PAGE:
How This Engineer’s Passion for Beekeeping Led to Her Quest to Save the Dwindling Bee Population
Karen Rennich’s passion for beekeeping began while she was growing up watching her Russian grandfather manage bee colonies in his backyard. In addition to eating the honey, she remembers being fascinated by not only the skill and care required of beekeepers, but also by the natural beauty of bees and their colonies.
Although beekeeping remained an interest, Karen pursued another passion after high school graduation: engineering, and enrolled in Purdue University at West Lafayette, where she earned a Bachelor’s of Science degree in ocean engineering. Later, she received a Master’s of Science degree in the same discipline from Johns Hopkins University, and worked for over 14 years at the Johns Hopkins Applied Physics Laboratory designing sensor systems for the Navy and Department of Defense.
But her childhood fascination with beekeeping was never far from her mind, so much in fact that a career change ensued: She began keeping bees over 8 years ago. Says Karen with a smile: “Sometimes doors open in our career paths that lead us in new directions.” She is currently Executive Director of the Bee Informed Partnership (BIP), and with its close affiliation with the University of Maryland, she has also worked in honeybee research for five years.
BIP is a large collaboration between research institutions, universities, and beekeepers from all over the country, and at this organization, Karen and colleagues are intimately involved with studying and coordinating research findings on a host of issues related to bee populations in the U.S. and globally. This includes investigating the pressing problem of why bee populations are declining at an alarming rate, and what can be done about it.
“The main idea behind the Bee Informed Partnership, says Karen, “is to get information collected from beekeepers back to beekeepers quickly so they can make more informed decisions. We collect information using online surveys and field collected information from tech teams.” After collection, she says, “we summarize and analyze the data using epidemiological methods and return the data back to beekeepers quickly. Our ultimate goal is that beekeepers, using this information, will reduce the number of colonies they lose.”
Speaking at a recent TedXMidAtlantic presentation on the decline of bee populations in the U.S., Karen told her audience: “To any casual observer who has read the newspaper in the last 4-5 years, you will understand that bees are in trouble — and if bees are in trouble, we are in trouble.” Why? Of the 100 crops that supply about 90 percent of the food for most of the world, 71 are pollinated by bees, researchers report. Pollination has a direct effect on the quality of food and the diversity of crops. In addition, declines in bee populations mean fruit and vegetables are less available and more expensive.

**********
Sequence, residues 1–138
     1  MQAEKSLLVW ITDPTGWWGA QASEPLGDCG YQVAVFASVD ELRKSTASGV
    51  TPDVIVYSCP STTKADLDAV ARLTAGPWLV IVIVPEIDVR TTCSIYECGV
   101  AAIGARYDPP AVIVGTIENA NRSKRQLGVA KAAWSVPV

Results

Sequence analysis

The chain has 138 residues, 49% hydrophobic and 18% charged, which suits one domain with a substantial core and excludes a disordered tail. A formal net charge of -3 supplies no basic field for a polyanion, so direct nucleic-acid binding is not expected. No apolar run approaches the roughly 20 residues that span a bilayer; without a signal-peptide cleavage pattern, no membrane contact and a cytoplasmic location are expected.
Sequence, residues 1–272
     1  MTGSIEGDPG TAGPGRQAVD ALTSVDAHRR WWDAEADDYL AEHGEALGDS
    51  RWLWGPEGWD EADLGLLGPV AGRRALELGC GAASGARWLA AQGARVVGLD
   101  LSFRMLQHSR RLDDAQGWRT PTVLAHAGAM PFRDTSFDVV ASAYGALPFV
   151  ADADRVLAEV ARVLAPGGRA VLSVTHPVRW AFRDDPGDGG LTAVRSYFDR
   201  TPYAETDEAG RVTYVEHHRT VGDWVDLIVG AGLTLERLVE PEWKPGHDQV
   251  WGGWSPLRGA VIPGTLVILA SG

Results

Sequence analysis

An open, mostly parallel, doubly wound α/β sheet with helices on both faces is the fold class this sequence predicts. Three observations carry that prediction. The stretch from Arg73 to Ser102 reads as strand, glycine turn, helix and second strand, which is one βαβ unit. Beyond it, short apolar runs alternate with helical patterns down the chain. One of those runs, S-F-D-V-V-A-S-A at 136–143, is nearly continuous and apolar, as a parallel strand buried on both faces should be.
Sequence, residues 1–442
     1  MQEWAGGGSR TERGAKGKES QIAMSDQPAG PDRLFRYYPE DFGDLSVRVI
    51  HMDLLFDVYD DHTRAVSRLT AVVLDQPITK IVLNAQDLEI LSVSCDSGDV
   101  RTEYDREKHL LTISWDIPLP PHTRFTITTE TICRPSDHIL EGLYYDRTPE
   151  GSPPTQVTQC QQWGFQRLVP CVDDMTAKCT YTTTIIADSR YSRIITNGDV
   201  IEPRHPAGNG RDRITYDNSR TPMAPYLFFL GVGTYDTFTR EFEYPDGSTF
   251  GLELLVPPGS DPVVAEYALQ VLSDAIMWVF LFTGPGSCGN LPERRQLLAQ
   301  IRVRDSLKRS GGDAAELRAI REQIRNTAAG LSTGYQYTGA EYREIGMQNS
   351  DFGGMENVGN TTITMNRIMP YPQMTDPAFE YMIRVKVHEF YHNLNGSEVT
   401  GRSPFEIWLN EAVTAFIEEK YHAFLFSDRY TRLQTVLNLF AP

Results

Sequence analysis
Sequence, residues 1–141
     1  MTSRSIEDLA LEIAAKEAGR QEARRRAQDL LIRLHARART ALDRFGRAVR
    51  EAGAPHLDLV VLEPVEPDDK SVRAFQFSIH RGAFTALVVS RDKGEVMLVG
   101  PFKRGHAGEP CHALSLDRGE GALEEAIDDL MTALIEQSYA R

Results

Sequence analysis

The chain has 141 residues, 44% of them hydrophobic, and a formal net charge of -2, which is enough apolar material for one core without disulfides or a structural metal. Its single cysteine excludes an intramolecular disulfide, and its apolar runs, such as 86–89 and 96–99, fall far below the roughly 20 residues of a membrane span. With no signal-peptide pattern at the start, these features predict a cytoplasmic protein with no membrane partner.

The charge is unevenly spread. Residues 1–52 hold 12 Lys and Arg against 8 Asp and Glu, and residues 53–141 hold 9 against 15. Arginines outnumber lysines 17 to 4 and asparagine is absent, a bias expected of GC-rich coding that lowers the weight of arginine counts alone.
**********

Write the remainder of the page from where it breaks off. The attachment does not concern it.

Says Karen: “In the last 50-60 years, we’ve lost up to 60 percent of our bee colonies in the U.S. We still do not know what’s killing them, and it’s taken far longer than we anticipated to find the exact cause of the problem.” However, researchers suspect that the Varroa mite, which feeds on the honeybee, may be the culprit. Varroa mites are known to suck a blood-like substance from honeybees, leading to disease and deformities. Karen says that researchers also hope to stem future colony losses by addressing pesticide use and protecting habitats.
Karen was led to her work at BIP and to bee research after meeting the noted bee researcher Dr. Jeff Pettis during her career transition to beekeeping. She began working with him in 2010 to manage and conduct the groundbreaking APHIS National Honey Bee Survey. This led to her appointment as Project Manager of BIP when the organization was awarded a five-year grant from the USDA National Institutes of Food and Agriculture (NIFA) in 2011. She was promoted to BIP Executive Director in 2015.
Working with BIP’s close affiliation at the University of Maryland’s Etymology Department, “I really enjoy helping bridge the gap between the academic scientific community and the beekeepers to reduce colony losses,” says Karen.
She has been a beekeeper for more than eight years and manages 12 colonies at home.
For more information, https://beeinformed.org/team/karen-rennich/